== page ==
Improving the usefulness of information in electronic health records; techniques used to capture and structure narrative data.

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Improving the usefulness of information in electronic health records; techniques used to capture and structure narrative data


In the evolutionary developmental process of electronic health records and clinical information systems, methods of capturing data and entering data from narrative text have been under development. [1,2,3,4] These methods were developed since narrative text in the form of progress notes or admission notes, for example, contains useful information that is often not captured. Historically, physicians enter narratives as free text, which allows for flexibility and expression, however, entering them in a structured form can be a limitation for the provider. The ability to capture data from narrative text or entering data in a structured form allows for its use in both patient care processes, such as in clinical reminders and/or decision support, and research.

An application, called OpenSDE (structured data entry), was developed by medical informatics researchers at the Erasmus University Medical Center in Rotterdam. This program is one method that allows structured entry of data. OpenSDE is an open source application that allows data entry with the use of forms generated using trees of medical concepts.[1,5,6] Users can customize these forms depending on the medical concept. For instance, there is a form for history of present illness. The application can be tailored for use by different medical specialties, i.e. pediatrics or cardiology.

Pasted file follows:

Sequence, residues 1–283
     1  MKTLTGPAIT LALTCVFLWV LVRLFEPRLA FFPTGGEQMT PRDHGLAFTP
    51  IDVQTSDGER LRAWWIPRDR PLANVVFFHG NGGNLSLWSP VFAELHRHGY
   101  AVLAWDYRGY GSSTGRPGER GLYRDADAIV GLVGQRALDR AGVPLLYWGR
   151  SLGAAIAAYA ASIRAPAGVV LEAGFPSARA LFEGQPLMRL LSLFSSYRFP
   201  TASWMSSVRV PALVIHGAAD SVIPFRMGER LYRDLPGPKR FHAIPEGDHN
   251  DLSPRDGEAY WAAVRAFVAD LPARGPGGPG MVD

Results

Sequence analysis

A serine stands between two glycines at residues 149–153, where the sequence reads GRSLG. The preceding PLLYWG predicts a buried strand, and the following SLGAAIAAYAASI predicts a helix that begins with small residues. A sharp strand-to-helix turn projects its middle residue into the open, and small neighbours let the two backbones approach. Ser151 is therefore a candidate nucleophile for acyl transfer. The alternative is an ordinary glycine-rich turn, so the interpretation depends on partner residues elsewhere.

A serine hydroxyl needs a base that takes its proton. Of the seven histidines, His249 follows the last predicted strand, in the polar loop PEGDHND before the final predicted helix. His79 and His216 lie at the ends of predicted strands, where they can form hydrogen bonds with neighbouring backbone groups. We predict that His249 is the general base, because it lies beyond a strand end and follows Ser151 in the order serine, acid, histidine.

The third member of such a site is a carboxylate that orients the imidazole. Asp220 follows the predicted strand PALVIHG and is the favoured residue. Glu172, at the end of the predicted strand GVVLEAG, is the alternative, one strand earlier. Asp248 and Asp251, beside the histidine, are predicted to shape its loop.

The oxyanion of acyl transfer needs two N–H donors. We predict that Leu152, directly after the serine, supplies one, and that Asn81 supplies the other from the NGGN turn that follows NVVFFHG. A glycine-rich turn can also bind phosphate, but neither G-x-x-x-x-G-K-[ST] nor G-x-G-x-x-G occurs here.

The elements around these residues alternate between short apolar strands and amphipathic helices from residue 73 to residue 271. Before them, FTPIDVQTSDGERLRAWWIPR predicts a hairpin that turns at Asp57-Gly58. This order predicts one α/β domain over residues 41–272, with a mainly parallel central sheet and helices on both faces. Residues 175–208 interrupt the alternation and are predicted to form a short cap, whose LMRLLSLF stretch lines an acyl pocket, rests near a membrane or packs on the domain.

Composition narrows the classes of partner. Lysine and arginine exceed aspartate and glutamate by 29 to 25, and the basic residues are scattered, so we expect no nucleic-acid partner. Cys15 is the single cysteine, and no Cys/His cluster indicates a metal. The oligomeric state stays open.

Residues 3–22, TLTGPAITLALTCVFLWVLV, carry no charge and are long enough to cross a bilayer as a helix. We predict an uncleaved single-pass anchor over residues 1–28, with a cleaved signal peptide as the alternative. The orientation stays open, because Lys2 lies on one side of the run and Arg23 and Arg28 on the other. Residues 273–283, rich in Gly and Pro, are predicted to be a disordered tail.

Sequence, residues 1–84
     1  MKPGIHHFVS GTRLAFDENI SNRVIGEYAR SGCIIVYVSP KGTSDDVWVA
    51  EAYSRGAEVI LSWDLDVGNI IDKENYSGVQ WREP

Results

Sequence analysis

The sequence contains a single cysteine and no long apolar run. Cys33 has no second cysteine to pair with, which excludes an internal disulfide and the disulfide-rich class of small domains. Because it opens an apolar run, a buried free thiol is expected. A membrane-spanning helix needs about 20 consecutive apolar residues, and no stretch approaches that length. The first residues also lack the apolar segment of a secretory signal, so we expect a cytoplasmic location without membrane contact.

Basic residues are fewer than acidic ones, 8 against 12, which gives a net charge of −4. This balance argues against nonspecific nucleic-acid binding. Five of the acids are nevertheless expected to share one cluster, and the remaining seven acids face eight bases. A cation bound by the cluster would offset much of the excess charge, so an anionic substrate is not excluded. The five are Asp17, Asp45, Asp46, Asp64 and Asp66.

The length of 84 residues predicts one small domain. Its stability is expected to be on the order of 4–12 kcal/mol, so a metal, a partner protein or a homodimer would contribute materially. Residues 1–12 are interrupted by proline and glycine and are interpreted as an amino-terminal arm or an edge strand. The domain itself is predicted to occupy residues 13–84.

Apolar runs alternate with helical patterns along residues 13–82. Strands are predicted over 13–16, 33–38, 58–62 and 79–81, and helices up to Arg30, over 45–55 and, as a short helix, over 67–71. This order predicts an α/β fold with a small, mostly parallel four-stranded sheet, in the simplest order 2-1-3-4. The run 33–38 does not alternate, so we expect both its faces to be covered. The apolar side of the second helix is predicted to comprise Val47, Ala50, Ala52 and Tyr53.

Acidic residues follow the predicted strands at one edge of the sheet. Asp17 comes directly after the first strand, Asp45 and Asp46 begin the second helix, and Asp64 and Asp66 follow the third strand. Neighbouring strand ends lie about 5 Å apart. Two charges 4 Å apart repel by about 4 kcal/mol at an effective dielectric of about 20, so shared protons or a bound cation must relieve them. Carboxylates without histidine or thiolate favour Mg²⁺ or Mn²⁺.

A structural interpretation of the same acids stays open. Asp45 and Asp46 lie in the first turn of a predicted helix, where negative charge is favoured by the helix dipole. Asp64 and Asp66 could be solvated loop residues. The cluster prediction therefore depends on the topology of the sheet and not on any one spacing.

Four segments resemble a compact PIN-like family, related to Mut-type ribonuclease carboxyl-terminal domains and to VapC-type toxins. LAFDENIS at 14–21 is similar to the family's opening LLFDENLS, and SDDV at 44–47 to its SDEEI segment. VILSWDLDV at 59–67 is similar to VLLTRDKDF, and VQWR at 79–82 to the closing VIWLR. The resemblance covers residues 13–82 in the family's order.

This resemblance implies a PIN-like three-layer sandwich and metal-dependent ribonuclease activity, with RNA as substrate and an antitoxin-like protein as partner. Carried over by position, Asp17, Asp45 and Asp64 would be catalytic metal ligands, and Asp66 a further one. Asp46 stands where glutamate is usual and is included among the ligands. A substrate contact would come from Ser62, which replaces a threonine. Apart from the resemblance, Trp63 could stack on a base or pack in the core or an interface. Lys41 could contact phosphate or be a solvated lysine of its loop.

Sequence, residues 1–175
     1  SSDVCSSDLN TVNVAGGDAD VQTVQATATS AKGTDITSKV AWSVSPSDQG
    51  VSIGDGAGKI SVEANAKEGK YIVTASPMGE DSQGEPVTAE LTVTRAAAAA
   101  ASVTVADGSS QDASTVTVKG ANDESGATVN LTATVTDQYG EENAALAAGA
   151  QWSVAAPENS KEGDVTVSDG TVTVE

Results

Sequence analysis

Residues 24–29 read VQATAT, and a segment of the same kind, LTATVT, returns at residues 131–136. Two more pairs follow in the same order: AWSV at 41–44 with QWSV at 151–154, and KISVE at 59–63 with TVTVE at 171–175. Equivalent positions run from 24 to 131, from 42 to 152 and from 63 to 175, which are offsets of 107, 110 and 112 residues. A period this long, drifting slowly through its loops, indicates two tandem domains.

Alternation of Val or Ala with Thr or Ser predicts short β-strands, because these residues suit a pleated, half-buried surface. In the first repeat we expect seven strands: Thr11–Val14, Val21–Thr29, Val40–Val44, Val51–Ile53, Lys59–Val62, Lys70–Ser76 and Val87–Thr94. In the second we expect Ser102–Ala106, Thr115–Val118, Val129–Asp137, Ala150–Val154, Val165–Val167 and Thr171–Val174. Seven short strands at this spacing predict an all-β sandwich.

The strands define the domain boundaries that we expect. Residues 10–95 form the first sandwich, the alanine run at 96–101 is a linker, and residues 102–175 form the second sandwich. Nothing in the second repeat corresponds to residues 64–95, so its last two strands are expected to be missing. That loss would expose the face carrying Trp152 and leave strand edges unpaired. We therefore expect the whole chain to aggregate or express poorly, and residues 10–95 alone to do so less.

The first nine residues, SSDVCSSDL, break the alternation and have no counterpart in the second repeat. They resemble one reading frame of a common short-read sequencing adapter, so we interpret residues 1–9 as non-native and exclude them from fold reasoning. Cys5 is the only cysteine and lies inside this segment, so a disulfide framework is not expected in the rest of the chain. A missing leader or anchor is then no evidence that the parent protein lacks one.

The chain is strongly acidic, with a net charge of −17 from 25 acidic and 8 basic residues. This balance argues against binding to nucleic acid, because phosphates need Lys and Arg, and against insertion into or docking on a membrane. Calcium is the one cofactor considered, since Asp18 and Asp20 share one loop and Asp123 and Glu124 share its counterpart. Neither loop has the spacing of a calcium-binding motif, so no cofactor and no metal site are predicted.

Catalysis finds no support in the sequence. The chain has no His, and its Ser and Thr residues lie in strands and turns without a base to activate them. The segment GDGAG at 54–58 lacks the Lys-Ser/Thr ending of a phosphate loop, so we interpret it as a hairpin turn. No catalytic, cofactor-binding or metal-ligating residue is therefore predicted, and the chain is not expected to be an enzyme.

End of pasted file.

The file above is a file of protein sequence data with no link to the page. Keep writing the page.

More recently, another method called structured narrative was developed at Columbia University Medical Center.[4] This method combines unstructured text and coded data using eXtensible Markup Language (XML), the HL7 Clinical Document Architecture (CDA) standard and Natural Language Processing (NLP). This method perhaps has advantages over the OpenSDE method since clinicians are allowed to use free text, which is then marked up, and data is identified by NLP. The particular NLP used by these researchers is called Medical Language Extraction and Encoding System (MedLEE), which analyses medical text and generates structured information. [4,7]

These methods, although relatively new, demonstrate how even more information can be extracted from electronic health records and I expect these applications to become more widespread in the future of clinical information systems.

Jim Gemelas


1 Los RK, van Ginneken AM, de Wilde M, van der Lei J. OpenSDE: Row Modeling Applied to Generic Structured Data Entry. J Am Med Inform Assoc. 2004;11:162–165. doi: 10.1197/jamia.M1375.

2 Johnson SB, Bakken S, Dine D, Hyun S, Mendonça E, Morrison F, Bright T, Van Vleck T, Wrenn J, Stetson P. An electronic health record based on structured narrative. J Am Med Inform Assoc. 2008 Jan-Feb;15(1):54-64.

3 Los RK, van Ginneken AM, van der Lei J. OpenSDE: a strategy for expressive and flexible structured data entry. Int J Med Inform. 2005;74:481–490. doi: 10.1016/j.ijmedinf.2005.04.005.

4 Bleeker SE, Derksen-Lubsen G, van Ginneken AM, van der Lei J, Moll HA. Structured data entry for narrative data in a broad specialty: patient history and physical examination in pediatrics. BMC Med Inform Decis Mak. 2006;6:29. doi: 10.1186/1472-6947-6-29.

5 OpenSDE.

6 Erasmus MC.

7 MedLEE